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My question got closed. As a duplicate.
However, I asked if there is an equivalent to "Proccess Explorer". Not a CPU monitor. Proccesss Explorer does MUCH more. Memory usage, network usage, commit history, I/O, disk usage. AND CPU usage.

How can I get the question open again?

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    By asking it here, you are contesting it to be opened again. You may want to edit this post a little more clearly to define why it should be opened again – Simon Sheehan Aug 19 '11 at 23:59
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    Normally, the term "lightweight" doesn't go alongside with a million features and monitors like you want in a "simple tray monitor". Just remember, it takes CPU cycles to actually figure out those things, they aren't "just available". – Breakthrough Aug 20 '11 at 0:27
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Okay, I agree that they kind of mismatch. Seems the moderator didn't read your full question...

But, reconsider your question first before asking for it to be reopened, because it's too localized:

Why won't you find any answers?

Process Explorer is a highly specialized tool written by Sysinternals, which is part of Microsoft. You won't find any other program that will display all the different features you mention in tray graphs, other than Process Hacker there are no tools that even come close to the data that Sysinternals provides.

Why can't you find any lightweight answers?

Calculating the values itself are costly by itself; tracing CPU and I/O cycles, summing up Memory, ...
Adding a graph will make it even more heavy weight, it's not lightweight by it's intrinsic nature.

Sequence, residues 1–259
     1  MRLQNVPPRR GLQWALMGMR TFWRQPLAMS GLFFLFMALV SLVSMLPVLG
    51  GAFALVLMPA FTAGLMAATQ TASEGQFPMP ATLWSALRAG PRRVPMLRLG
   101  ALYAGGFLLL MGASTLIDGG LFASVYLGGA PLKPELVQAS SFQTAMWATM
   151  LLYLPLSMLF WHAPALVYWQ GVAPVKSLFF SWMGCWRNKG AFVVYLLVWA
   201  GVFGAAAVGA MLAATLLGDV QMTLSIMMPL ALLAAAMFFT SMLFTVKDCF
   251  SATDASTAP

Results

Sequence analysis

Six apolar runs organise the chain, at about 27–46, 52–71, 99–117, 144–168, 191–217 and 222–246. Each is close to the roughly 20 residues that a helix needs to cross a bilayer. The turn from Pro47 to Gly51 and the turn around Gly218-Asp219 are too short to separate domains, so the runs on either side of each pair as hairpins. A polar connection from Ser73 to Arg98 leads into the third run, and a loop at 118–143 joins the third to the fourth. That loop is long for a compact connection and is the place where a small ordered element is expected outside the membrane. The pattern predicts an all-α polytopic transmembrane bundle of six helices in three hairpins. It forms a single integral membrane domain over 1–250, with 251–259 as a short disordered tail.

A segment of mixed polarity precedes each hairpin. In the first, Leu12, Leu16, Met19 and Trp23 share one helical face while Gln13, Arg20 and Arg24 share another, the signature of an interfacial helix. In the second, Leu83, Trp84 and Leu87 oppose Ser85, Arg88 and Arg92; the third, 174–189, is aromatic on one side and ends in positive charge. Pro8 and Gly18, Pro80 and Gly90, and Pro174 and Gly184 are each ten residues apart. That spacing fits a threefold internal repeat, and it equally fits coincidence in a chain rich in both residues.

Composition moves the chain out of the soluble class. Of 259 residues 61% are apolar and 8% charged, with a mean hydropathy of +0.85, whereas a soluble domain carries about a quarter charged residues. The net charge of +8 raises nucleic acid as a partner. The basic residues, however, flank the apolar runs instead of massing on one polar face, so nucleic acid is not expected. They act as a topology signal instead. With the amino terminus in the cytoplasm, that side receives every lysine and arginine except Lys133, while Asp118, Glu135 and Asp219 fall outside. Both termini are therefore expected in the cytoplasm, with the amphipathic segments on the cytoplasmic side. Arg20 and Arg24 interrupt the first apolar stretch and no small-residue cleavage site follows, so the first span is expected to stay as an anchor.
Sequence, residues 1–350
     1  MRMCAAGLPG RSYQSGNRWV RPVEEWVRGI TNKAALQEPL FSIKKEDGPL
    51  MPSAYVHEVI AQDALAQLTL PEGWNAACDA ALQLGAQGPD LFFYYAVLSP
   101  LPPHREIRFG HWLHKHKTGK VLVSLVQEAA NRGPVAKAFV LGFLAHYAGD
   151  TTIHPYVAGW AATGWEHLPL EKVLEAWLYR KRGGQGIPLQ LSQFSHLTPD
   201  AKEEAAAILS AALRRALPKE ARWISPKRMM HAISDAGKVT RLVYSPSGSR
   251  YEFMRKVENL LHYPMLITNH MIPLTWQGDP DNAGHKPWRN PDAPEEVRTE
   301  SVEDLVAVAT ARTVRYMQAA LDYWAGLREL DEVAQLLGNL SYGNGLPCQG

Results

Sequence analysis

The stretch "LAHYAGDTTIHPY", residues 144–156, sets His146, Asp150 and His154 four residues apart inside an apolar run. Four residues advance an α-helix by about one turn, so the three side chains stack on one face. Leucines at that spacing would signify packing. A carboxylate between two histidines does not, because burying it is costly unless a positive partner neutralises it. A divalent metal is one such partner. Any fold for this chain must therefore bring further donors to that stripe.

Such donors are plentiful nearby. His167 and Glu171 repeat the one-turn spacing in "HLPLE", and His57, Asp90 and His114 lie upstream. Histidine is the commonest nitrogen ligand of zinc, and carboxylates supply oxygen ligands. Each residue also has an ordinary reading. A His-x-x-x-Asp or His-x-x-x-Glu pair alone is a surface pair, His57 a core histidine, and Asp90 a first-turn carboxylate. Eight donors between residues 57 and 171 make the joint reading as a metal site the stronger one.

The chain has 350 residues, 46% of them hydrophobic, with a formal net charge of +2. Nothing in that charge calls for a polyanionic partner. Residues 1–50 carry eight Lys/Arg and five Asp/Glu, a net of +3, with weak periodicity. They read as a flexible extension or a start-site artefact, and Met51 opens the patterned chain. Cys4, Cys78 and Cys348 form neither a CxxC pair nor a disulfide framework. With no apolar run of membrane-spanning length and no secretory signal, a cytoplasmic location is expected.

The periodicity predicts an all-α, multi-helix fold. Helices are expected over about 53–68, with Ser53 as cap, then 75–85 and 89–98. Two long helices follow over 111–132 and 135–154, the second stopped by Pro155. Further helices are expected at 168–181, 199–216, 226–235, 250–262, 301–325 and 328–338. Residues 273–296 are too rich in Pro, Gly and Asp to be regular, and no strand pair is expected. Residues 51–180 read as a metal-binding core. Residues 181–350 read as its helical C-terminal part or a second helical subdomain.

Why shouldn't you care about these statistics in general?

There's nothing wrong with your CPU, GPU or I/O being 100% for an extended duration; to give you an example, during a 30 minutes Torture Test (stressed all components) I ran today I could still browse around Super User. The only thing that I did notice was slowness, or better said less responsiveness.

It's this last visual cue that you see that you should use to determine when you need to actually take a look at what your computer is actually doing, as that's the only moment you should give attention to it. That's actually the only moment that program should be using your costly idle CPU cycles.

Yes, responsiveness works both ways. The more idle CPU cycles and context switches you have, the less responsive your PC will become. You know that effect where after some months your PC becomes slower and slower? That's because the amount of idle CPU cycles and context switches has increased to that point, and it's because all kind of tiny changes to your system of which the performance has never been analyzed. Yes, adding entries to your hosts file causes some periodically extra idle CPU cycles!

As for memory usage, you should rather have bought enough memory as well have a page file to back you up; at this point, you will again get to see slowness when your computer starts disk trashing because your memory ran too full. Here, it's again not necessary to keep your eyes on the monitor. There is also no reason to keep your memory usage low, because free memory is simply wasted memory....

So, would you want to keep your eye on your screen corner or would you want to use your computer?

Why are these graphs available?

For active monitoring purposes, where the change in one of the graphs is important to be monitored. IT admins, Developers and Server administrators sometimes need to watch these while performing certain tasks, but in the general Super User case they aren't necessary to be watched as there is no benefit from the cost these graphs take from you...

But, I really want them?

We can't search the deepest corners of the internet for you, people will most likely close your question again for being too localized. So, you could attempt to write such a solution yourself, or keep looking...

  • Thanks for the answer. :) – Apache Aug 20 '11 at 11:04

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